- freely available
Toxins 2012, 4(12), 1535-1551; doi:10.3390/toxins4121535
Abstract: It has previously been shown that the biosynthesis of the mycotoxins ochratoxin A and B and of citrinin by Penicillium is regulated by light. However, not only the biosynthesis of these mycotoxins, but also the molecules themselves are strongly affected by light of certain wavelengths. The white light and blue light of 470 and 455 nm are especially able to degrade ochratoxin A, ochratoxin B and citrinin after exposure for a certain time. After the same treatment of the secondary metabolites with red (627 nm), yellow (590 nm) or green (530 nm) light or in the dark, almost no degradation occurred during that time indicating the blue light as the responsible part of the spectrum. The two derivatives of ochratoxin (A and B) are degraded to certain definitive degradation products which were characterized by HPLC-FLD-FTMS. The degradation products of ochratoxin A and B did no longer contain phenylalanine however were still chlorinated in the case of ochratoxin A. Citrinin is completely degraded by blue light. A fluorescent band was no longer visible after detection by TLC suggesting a higher sensitivity and apparently greater absorbance of energy by citrinin. The fact that especially blue light degrades the three secondary metabolites is apparently attributed to the absorption spectra of the metabolites which all have an optimum in the short wave length range. The absorption range of citrinin is, in particular, broader and includes the wave length of blue light. In wheat, which was contaminated with an ochratoxin A producing culture of Penicillium verrucosum and treated with blue light after a pre-incubation by the fungus, the concentration of the preformed ochratoxin A reduced by roughly 50% compared to the control and differed by > 90% compared to the sample incubated further in the dark. This indicates that the light degrading effect is also exerted in vivo, e.g., on food surfaces. The biological consequences of the light instability of the toxins are discussed.
Ochratoxin A is a toxic secondary metabolite produced by certain fungal species. Ochratoxin A is a composite mycotoxin with dihydroisocoumarin as the polyketide moiety coupled via peptide linkage to the amino acid phenylalanine. Ochratoxin A is chlorinated at position 5 within the dihydroisocoumarin moiety . In contrast ochratoxin B has the same structure except that it does not contain chlorine but hydrogen at that position instead . Ochratoxin B is by a factor of 10–100 less toxic than ochratoxin A  indicating that the presence of the chlorine determines toxicity. Like ochratoxin citrinin belongs to the benzopyrancarbonic acids and has a polyketide structure. The structure is very similar to the polyketide part of ochratoxin, but citrinin does not contain chlorine . Both mycotoxins are mainly nephrotoxic and ochratoxin A is rated by the WHO/FAO as a type II carcinogen . Ochratoxin A and citrinin may occur in the same food commodity  and may act synergistically  under a toxicological point of view.
Ochratoxin A is produced by various fungi like certain Aspergilli and Penicillia. From the Aspergilli A. carbonarius, A. westerdijkiae, A. steynii and A. ochraceus are the most important producing species [7,8]. From the genus Penicillium only P. nordicum and P. verrucosum are described to produce ochratoxin A [9,10]. In addition, P. verrucosum is also able to produce citrinin beside ochratoxin. In contrast, P. expansum only produces citrinin but no ochratoxin. P. verrucosum is the ultimate species responsible for the occurrence of ochratoxin and citrinin in wheat . According to these authors a contamination of wheat by P. verrucosum to a certain extend unequivocally indicates the presence of ochratoxin A.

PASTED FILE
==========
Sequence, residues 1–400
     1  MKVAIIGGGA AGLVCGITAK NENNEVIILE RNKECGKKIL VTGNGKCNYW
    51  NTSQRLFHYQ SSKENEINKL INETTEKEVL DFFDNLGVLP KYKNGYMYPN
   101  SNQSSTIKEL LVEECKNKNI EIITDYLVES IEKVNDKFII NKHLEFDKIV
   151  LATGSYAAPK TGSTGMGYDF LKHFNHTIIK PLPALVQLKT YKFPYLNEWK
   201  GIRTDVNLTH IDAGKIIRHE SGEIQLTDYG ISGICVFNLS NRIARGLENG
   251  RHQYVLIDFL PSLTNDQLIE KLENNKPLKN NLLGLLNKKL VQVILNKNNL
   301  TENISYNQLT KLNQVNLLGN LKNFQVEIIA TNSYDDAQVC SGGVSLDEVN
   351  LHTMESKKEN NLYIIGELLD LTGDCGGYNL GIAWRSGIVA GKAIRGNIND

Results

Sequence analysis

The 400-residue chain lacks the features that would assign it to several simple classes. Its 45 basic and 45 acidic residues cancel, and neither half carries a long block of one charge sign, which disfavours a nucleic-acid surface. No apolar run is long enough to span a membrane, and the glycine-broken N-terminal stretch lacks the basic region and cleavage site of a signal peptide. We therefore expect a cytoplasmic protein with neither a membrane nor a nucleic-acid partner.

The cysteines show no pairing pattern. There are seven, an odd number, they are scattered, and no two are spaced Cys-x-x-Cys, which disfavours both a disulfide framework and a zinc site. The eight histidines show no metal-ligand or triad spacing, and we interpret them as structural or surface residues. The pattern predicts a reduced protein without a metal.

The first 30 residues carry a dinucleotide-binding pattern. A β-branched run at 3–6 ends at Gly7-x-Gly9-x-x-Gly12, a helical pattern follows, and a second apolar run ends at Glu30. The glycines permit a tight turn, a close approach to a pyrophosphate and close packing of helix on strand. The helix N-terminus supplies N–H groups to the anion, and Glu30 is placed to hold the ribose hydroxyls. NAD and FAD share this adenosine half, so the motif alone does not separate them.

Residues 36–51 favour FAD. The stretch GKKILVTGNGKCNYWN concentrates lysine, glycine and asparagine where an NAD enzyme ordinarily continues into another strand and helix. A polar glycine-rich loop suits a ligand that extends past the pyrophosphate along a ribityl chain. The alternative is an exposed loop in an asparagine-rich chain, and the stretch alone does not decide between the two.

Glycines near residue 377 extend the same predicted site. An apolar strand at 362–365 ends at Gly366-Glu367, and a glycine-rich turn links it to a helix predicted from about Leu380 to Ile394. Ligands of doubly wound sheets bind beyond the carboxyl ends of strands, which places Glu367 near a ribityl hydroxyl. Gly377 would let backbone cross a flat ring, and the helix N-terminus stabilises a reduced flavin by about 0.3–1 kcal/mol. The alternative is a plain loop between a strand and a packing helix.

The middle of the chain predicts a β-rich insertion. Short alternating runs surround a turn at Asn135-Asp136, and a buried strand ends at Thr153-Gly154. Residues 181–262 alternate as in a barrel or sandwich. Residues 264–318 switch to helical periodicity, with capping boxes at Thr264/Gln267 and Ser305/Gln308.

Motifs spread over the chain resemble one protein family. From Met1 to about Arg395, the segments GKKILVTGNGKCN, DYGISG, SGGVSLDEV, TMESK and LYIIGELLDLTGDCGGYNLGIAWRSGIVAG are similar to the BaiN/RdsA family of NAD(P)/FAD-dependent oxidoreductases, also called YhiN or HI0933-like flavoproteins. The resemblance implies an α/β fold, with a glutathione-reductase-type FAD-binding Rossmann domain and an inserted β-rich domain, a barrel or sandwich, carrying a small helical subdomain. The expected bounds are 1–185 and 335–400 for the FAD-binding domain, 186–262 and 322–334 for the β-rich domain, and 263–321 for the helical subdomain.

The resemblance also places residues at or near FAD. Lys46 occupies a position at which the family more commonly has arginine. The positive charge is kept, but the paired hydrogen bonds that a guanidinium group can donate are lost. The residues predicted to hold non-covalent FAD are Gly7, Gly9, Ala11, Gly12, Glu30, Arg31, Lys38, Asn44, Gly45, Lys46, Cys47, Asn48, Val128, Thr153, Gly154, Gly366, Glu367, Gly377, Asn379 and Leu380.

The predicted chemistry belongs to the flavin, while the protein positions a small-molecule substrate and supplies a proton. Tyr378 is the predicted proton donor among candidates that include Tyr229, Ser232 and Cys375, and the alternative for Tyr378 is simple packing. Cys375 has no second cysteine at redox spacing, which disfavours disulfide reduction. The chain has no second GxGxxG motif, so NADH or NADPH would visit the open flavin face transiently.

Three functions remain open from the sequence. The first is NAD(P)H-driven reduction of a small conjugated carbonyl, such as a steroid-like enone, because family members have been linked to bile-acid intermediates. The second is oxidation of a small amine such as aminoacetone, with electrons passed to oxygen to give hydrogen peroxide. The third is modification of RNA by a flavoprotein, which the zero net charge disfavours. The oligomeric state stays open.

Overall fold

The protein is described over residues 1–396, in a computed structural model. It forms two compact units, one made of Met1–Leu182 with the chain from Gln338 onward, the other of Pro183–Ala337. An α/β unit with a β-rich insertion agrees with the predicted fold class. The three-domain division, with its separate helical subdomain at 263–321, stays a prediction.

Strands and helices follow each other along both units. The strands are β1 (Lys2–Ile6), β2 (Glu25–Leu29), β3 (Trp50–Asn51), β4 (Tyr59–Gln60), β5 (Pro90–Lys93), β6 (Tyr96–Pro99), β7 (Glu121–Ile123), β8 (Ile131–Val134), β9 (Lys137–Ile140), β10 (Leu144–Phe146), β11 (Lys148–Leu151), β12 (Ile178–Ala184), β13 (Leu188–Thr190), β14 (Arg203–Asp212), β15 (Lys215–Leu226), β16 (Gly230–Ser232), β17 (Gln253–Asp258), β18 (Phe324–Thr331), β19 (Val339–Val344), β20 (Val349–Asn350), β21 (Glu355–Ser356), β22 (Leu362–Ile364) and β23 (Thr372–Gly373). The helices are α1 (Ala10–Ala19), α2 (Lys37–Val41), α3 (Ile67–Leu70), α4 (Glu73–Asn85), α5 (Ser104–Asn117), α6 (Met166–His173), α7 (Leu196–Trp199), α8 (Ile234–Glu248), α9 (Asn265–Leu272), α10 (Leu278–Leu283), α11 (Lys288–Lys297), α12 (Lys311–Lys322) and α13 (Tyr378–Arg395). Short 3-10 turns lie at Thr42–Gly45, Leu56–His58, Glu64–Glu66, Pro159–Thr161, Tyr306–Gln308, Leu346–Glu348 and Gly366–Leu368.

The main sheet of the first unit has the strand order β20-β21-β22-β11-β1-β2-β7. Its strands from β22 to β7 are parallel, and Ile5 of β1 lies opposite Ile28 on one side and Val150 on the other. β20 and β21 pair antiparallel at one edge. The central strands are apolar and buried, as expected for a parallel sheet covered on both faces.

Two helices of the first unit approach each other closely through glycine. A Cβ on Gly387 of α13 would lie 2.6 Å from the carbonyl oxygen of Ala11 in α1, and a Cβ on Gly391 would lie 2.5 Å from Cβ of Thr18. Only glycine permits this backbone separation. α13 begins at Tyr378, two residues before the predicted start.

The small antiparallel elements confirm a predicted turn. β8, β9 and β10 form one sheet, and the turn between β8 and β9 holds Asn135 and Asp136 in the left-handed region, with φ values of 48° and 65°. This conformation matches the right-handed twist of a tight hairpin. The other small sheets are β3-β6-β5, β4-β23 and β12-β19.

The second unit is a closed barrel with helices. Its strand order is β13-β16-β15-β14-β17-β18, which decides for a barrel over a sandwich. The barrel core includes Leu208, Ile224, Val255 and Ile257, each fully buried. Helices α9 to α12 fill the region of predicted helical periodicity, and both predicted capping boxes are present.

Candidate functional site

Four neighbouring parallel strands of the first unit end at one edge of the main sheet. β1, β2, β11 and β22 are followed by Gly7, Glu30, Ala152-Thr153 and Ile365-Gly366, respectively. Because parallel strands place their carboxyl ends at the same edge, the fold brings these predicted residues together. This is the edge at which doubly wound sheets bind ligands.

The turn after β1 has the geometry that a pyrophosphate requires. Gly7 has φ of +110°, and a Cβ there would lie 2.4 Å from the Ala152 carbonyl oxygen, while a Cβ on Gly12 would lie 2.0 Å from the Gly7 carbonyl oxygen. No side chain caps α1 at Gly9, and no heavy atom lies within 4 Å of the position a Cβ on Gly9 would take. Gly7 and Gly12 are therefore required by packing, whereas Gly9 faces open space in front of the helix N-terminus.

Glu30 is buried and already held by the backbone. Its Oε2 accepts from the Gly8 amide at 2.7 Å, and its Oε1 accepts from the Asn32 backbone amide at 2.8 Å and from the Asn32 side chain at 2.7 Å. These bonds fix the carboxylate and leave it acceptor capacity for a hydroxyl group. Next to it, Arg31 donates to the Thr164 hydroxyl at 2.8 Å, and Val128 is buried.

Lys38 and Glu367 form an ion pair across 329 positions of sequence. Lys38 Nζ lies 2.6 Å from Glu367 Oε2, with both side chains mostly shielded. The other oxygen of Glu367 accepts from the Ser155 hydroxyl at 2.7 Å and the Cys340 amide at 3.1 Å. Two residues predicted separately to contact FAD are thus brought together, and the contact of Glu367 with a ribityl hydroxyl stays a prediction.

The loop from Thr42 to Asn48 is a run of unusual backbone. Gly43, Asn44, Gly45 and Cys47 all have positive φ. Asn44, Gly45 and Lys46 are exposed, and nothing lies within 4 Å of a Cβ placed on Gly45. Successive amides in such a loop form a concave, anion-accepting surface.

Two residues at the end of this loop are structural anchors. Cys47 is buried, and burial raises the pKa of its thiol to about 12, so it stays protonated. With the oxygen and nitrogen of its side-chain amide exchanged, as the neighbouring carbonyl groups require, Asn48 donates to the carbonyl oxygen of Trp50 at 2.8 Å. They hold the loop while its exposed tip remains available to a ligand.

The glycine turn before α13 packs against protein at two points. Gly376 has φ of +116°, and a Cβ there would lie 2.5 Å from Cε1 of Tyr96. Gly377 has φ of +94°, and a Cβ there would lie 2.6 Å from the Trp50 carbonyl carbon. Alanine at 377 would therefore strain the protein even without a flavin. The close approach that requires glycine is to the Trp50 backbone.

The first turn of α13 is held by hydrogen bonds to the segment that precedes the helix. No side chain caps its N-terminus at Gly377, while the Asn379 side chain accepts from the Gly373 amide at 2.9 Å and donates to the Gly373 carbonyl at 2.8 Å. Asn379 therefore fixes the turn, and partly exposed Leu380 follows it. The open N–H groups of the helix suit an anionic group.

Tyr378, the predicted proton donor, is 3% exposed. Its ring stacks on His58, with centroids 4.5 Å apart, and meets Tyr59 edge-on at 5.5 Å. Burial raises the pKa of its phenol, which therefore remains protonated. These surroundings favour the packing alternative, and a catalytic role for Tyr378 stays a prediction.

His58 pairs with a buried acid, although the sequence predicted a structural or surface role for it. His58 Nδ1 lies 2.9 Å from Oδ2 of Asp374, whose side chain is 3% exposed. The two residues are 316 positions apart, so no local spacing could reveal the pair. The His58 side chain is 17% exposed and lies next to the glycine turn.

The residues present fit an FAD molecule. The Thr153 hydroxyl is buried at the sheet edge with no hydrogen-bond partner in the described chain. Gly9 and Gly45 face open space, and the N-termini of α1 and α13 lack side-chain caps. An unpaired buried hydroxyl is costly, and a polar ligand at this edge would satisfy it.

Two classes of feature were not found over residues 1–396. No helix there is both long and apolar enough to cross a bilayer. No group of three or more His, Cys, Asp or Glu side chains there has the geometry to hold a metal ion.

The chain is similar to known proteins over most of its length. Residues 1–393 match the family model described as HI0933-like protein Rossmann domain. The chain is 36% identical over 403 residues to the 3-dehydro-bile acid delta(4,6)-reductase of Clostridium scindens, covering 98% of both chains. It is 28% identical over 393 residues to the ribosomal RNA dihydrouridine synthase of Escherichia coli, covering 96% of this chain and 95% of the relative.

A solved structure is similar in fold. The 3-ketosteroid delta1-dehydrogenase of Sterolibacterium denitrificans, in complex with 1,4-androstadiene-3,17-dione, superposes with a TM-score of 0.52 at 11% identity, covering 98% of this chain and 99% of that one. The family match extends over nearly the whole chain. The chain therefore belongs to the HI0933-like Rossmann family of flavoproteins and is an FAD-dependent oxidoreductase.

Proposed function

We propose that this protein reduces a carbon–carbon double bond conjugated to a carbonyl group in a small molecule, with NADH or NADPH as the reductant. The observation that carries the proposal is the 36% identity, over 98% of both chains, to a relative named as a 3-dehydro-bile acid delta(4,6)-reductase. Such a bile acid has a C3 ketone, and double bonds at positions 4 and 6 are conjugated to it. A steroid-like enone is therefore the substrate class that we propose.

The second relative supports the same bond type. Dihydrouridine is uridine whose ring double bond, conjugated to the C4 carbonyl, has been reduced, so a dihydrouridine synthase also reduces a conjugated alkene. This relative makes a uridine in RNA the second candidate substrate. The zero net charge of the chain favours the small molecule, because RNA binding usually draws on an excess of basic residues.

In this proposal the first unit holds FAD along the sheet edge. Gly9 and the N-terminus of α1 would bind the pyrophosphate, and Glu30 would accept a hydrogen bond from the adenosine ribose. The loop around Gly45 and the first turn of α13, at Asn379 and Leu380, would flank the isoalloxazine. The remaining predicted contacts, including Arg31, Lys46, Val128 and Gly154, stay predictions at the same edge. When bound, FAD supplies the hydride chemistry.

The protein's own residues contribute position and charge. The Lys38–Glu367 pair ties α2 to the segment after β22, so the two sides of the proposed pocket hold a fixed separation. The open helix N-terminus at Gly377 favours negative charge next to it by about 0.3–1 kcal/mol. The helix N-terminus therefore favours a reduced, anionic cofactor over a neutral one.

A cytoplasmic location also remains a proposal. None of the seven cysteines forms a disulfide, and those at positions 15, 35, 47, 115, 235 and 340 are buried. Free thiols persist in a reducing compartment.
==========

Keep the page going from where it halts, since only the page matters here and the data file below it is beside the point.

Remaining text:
Nevertheless the amount to which an individual species produces the toxins is dependent on the environmental conditions. It was previously shown that light as an environmental factor has a profound influence on mycotoxin biosynthesis. Light, especially blue light, reduces the biosynthesis of ochratoxin in P. nordicum and P. verrucosum  and in Aspergillus niger  but increases citrinin biosynthesis in P. expansum and P. verrucosum  ochratoxin B production in P. nordicum  and fumonisin biosynthesis in A. niger  and F. proliferatum .
To get further insight into the role of the adaptive changes of the secondary metabolite profiles under light conditions, the stability and the absorption profiles of the three mycotoxins ochratoxin A, ochratoxin B and citrinin were determined under various light wavelengths. It was shown that short wavelength light has a profound effect on the stability of all three secondary metabolites, however citrinin was affected most. Ochratoxin was degraded to definitive products which were characterized by high performance liquid chromatography coupled with fluorescence detection and fourier transform mass spectrometry (HPLC-FLD-FTMS). Moreover, it was shown that short wavelength light can reduce and control the amount of preformed ochratoxin A in wheat. These findings are discussed in view of the possible adaptive biological and ecological effect of the produced mycotoxins under light conditions.
2.1. Influence of Light on the Stability of Various Mycotoxins
To analyze if light has an influence on the stability of the secondary metabolites ochratoxin A/B or citrinin, methanolic solutions of these toxins were placed into white light (366 µW/cm2) and incubated for 24 h. After that time the samples were analyzed by TLC and the spots visualized by UV light (Figure 1). Interestingly, all treated mycotoxins showed signs of light dependent degradation.